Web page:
Monday, 24 January 2011

Pale Ale in 19th-century Rotterdam

I've been collecting Pale Ale references. Not just from brewing manuals, medical journals and chemistry magazines. I've been assembling more litereray sources, too.

The following is a travel piece from William Makepeace Thackeray. (was Makepeace really his middle name? Sounds made up to me.)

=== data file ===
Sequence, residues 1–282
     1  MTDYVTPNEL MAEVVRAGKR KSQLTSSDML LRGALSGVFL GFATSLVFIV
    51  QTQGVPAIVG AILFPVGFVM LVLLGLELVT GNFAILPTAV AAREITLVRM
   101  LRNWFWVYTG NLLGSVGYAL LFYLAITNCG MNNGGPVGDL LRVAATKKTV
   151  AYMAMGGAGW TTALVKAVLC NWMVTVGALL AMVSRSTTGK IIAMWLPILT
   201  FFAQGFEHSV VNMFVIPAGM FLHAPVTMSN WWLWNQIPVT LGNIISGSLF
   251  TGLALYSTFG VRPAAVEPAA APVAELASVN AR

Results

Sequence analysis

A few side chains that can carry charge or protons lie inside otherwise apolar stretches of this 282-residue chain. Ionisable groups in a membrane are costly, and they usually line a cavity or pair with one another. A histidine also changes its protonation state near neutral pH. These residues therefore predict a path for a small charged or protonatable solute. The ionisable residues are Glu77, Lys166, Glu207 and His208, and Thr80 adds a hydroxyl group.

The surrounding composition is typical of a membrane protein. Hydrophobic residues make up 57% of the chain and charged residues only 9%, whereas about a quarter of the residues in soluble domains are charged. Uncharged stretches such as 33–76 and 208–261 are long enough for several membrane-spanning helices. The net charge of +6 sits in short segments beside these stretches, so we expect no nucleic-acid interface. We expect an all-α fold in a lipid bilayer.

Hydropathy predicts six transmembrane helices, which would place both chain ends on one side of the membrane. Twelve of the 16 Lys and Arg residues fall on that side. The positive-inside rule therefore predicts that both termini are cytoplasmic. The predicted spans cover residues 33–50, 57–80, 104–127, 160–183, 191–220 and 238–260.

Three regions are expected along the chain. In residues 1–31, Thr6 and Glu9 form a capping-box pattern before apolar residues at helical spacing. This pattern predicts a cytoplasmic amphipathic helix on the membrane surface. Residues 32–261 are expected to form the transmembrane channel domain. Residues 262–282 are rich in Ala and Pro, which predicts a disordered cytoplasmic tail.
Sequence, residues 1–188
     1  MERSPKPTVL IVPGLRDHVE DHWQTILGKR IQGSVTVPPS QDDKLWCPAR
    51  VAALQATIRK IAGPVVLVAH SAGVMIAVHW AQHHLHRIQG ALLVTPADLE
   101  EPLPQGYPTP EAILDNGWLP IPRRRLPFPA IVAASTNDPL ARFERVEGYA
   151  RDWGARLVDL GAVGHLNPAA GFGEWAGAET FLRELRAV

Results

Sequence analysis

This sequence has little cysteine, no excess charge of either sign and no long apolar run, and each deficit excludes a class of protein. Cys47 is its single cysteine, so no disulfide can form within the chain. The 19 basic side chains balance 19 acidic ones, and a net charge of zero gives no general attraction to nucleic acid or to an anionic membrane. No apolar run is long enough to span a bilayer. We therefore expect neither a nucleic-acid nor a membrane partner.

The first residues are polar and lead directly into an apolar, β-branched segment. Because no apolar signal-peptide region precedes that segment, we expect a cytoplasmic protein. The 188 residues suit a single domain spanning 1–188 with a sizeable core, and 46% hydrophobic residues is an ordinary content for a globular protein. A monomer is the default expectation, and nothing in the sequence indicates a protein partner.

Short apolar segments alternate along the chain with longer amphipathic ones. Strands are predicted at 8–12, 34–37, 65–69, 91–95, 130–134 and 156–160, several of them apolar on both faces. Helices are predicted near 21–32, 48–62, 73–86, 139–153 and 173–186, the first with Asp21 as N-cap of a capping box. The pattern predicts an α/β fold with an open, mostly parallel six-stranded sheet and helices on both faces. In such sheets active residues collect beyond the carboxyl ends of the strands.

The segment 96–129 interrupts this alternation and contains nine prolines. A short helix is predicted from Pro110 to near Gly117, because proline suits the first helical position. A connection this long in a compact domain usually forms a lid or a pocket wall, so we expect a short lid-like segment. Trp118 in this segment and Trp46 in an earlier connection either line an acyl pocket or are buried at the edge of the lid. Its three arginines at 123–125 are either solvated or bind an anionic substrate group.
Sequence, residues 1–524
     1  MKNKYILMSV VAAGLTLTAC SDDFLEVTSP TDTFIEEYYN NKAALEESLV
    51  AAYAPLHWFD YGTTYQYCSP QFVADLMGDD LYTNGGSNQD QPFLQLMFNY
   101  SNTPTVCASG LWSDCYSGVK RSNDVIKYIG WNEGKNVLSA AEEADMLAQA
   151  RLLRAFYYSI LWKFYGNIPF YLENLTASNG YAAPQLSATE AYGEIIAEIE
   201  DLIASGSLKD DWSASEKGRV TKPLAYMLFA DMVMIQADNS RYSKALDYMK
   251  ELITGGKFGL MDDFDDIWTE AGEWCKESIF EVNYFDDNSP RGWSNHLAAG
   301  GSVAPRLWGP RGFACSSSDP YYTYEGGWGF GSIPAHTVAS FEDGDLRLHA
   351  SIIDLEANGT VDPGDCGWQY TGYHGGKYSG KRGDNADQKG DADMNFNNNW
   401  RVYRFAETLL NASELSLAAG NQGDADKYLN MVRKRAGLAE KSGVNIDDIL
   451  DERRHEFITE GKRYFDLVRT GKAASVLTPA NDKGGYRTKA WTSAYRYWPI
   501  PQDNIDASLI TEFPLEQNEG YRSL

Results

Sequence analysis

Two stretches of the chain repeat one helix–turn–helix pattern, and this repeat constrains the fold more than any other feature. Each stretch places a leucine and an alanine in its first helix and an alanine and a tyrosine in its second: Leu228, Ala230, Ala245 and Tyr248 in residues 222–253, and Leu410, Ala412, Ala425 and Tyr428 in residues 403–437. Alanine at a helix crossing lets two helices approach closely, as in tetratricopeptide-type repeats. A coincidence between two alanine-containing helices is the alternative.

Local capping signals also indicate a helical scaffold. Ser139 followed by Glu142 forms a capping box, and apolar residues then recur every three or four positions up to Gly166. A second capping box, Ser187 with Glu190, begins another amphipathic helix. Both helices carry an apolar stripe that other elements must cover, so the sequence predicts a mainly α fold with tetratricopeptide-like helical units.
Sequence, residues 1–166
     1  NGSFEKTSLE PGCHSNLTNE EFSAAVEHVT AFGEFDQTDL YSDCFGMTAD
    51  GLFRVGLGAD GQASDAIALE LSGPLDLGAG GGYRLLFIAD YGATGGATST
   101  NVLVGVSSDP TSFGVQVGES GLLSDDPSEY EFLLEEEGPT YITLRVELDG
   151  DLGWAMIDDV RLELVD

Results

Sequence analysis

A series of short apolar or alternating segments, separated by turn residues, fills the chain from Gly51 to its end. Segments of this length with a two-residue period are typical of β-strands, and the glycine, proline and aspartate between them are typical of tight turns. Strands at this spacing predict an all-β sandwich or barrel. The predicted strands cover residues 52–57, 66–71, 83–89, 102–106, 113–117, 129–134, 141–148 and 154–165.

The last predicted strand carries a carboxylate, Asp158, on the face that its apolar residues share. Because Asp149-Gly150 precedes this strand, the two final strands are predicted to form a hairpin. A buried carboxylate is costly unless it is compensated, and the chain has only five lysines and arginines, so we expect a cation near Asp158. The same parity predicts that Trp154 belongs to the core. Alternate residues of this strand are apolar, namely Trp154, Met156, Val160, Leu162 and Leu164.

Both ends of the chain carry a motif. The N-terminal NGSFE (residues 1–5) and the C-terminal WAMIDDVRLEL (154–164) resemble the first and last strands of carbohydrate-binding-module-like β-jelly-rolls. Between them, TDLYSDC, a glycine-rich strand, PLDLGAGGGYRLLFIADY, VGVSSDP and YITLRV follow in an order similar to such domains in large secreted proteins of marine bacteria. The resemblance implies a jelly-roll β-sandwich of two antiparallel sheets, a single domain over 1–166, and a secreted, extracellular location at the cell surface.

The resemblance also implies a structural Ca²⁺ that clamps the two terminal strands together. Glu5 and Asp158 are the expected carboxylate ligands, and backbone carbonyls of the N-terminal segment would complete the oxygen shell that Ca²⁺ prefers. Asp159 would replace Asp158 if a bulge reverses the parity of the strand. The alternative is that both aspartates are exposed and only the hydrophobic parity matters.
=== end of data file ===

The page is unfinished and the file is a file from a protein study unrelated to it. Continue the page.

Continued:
"Spoorweg.—Vast green flats, speckled by spotted cows, and bound by a gray frontier of windmills ; shining canals stretching through the green; odours like those exhaled from the Thames in the dog-days, and a fine pervading smell of cheese ; little trim houses, with tall roofs, - and great windows of many panes; gazebos, or summer-houses, hanging over pea-green canals ; kind-looking, dumpling-faced farmers' women, with laced caps and golden frontlets and earrings ; about the houses and towns which we pass a great air of comfort and neatness ; a queer feeling of wonder that you can't understand what your fellow-passengers are saying, the tone of whose voices, and a certain comfortable dowdiness of dress, are so like our own ;—whilst we are remarking on these sights, sounds, smells, the little railway journey from Rotterdam to the Hague comes to an end. I speak to the railway porters and hackney coachmen in English, and they reply in their own language, and it seems somehow as if we understood each other perfectly. The carriage drives to the handsome, comfortable, cheerful hotel. We sit down a score at the table: and there is one foreigner and his wife,—I mean every other man and woman at dinner are English. As we are close to the sea, and in the midst of endless canals, we have no fish. We are reminded of dear England by the noble prices which we pay for wines. I confess I lost my temper yesterday at Rotterdam, where I had to pay a florin for a bottle of ale (the water not being drinkable, and country or Bavarian beer not being genteel enough for the hotel);—I confess, I say, that my fine temper was ruffled, when the bottle of pale ale turned out to be a pint bottle; and I meekly told the waiter that I had bought beer at Jerusalem at a less price. But then Rotterdam is eighteen hours from London, and the steamer with the passengers and beer comes up to the hotel windows; whilst to Jerusalem they have to carry the ale on camels' backs from Beyrout or Jaffa, and through hordes of marauding Arabs, who evidently don't care for pale ale, though I am told it is not forbidden in the Koran. Mine would have been very good, but I choked with rage whilst drinking it. A florin for a bottle, and that bottle having the words " imperial pint," in bold relief, on the surface ! It was too much. I intended not to say anything about it; but I must speak. A florin a bottle, and that bottle a pint! Oh, for shame ! for shame ! I can't cork down my indignation ; I froth up with fury ; I am pale with wrath, and bitter with scorn.